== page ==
Insurers should cover mental health and substance use disorder benefits in a manner no more restrictive than their coverage of medical and surgical benefits. 


Parity Toolkit

The Paul Wellstone and Pete Domenici Mental Health Parity and Addiction Equity Act (MHPAEA) was passed in October, 2008 to end discriminatory health care practices against those with mental illness and/or addiction. The statute provides that plans cannot apply financial requirements or treatment limitations to mental health or substance use disorder (MH/SUD) benefits that are more restrictive than as applied to medical/surgical benefits.  Application of MHPAEA was extended to the individual market by the Patient Protection and Affordable Care Act, as amended by the Health Care and Education Reconciliation Act of 2010.

  • On November 8, 2013, the Departments of Treasury, Labor and Health and Human Services issued a final rule governing implementation for group and individual health plans.
  • On March 29, 2016, the Centers for Medicare and Medicaid Services (CMS) issued a final rule applying MHPAEA to Medicaid managed care, CHIP and Alternative Benefit Plans.
  • On October 27, 2016, the White House Mental Health and Substance Use Disorder Parity Task Force released its report, which highlights progress to date on parity implementation and offers recommendations to support consumers and improve parity implementation and enforcement. A summary of the report and accompanying guidance is available here.
  • October 10, 2018, by unanimous consent the Senate passed the resolution honoring the 10th anniversary of the enactment of the Mental Health Parity and Addiction Equity Act (MHPAEA). The resolution was sponsored by Sen. Klobuchar (D-MN) with Senators Cassidy (R-LA), Smith (D-MN), Roberts (R-KS), Murphy (D-CT), Carper (D-DE), Whitehouse (D-RI), Durbin (D-IL), Stabenow (D-MI), Menendez (D-NJ), Cardin (D-MD), and Collins (R-ME).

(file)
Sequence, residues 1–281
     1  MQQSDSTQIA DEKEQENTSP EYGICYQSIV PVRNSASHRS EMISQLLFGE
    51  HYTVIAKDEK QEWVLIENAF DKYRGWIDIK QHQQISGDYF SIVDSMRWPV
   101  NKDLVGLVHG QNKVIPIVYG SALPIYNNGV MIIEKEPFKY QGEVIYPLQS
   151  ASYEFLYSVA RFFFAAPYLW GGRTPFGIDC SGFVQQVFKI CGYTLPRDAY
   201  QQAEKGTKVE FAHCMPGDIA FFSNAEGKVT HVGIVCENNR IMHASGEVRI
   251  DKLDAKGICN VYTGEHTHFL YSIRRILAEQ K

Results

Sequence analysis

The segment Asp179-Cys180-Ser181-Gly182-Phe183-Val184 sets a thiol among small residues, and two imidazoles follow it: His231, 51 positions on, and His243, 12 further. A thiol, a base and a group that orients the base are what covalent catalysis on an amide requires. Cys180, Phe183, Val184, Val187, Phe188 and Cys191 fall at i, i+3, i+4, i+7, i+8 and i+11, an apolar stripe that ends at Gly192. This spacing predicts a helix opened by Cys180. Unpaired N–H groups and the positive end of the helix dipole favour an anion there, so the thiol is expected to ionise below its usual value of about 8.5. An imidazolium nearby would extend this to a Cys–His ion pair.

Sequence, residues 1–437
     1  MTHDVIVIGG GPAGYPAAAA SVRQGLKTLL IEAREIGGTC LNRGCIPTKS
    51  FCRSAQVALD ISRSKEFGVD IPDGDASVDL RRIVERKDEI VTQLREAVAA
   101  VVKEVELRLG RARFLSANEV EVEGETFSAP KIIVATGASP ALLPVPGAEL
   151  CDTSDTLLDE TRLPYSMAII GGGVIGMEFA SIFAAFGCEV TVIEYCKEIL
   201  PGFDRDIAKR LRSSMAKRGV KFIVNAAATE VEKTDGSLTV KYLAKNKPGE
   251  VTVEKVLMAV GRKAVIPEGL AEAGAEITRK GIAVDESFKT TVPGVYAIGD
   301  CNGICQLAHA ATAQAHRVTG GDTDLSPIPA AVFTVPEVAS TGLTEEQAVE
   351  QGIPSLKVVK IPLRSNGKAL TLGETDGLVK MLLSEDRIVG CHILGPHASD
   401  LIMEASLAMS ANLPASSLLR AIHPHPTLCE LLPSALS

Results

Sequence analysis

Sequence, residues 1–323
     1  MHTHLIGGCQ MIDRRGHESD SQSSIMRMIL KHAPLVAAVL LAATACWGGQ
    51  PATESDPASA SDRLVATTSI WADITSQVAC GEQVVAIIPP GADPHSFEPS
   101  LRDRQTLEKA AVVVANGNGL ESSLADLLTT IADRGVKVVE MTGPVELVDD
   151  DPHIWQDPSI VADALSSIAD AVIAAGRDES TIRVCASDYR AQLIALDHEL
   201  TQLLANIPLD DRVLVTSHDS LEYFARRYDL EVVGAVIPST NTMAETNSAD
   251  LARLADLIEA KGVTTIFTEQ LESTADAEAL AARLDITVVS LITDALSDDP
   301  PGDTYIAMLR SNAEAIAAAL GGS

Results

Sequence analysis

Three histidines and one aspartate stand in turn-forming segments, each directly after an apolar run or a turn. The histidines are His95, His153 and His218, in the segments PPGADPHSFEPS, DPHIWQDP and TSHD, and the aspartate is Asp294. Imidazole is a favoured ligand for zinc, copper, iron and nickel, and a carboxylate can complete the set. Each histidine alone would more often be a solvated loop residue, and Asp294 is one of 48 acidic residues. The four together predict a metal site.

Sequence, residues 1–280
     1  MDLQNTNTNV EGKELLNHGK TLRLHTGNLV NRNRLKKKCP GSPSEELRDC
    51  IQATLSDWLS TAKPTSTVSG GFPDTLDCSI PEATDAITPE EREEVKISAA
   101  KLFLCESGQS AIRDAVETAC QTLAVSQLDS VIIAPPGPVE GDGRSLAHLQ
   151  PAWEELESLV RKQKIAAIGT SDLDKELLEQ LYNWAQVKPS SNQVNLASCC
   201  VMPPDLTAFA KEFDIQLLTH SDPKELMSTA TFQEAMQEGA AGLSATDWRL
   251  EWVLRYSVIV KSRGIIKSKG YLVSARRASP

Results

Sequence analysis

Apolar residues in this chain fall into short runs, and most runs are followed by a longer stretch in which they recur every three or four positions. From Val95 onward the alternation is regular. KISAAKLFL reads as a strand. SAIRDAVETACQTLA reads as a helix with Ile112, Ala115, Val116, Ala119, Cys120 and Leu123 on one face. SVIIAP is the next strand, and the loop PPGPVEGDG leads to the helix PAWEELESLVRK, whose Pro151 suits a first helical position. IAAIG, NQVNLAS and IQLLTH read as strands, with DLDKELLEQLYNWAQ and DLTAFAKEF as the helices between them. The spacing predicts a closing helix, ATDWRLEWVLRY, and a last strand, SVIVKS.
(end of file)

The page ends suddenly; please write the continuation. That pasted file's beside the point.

While the law has been implemented in commercial markets and a final rule has been released for Medicaid managed care plans, greater enforcement is needed for the law to have its intended effect. Use the resources below to advocate for full implementation of the MHPAEA.

ASAM BRIEF:  Enforcement of Mental Health and Addiction Parity at the State Level

ASAM's brief on mental health and addiction parity at the state level provides a background on the issue of parity, ASAM's parity policy positions, and a path forward for stakeholders interested in strengthening parity enforcement in their states. 

Mental Health & Substance Use Disorder Essential Health Benefits

The Affordable Care Act (ACA) expanded MHPAEA’s protections. As a result, qualified health plans (individual and small group health plans offered in and outside the health insurance exchanges) and the benefits offered to the Medicaid expansion population must include MH/SUD benefits as an essential health benefit, and thereby, must comply with the parity law.


Short-term health plans (health insurance plans of a duration of less than 12 months, with possible extensions of up to 36 months) do not have to comply with MHPAEA.

“Enhanced Attestation”: A Simple Tool Regulators Can Use to Help Enforce the Mental Health Parity and Addiction Equity Act


The “Enhanced Attestation” form guides payers through the necessary analyses to demonstrate compliance with the law, which can then be made available to a state department of insurance upon request for its own regulatory review. An “enhanced attestation” form requires issuers to attest that they have performed analyses in each the categories of compliance covered by the federal parity law:


  • Defining mental health and substance use disorder benefits and medical/surgical benefits
  • Assigning benefits into classifications
  • Financial requirements and quantitative treatment limitations (QTLs)
  • Cumulative financial requirements and QTLs
  • Nonquantitative treatment limitations (NQTLs)
  • Disclosure requirements
  • Vendor coordination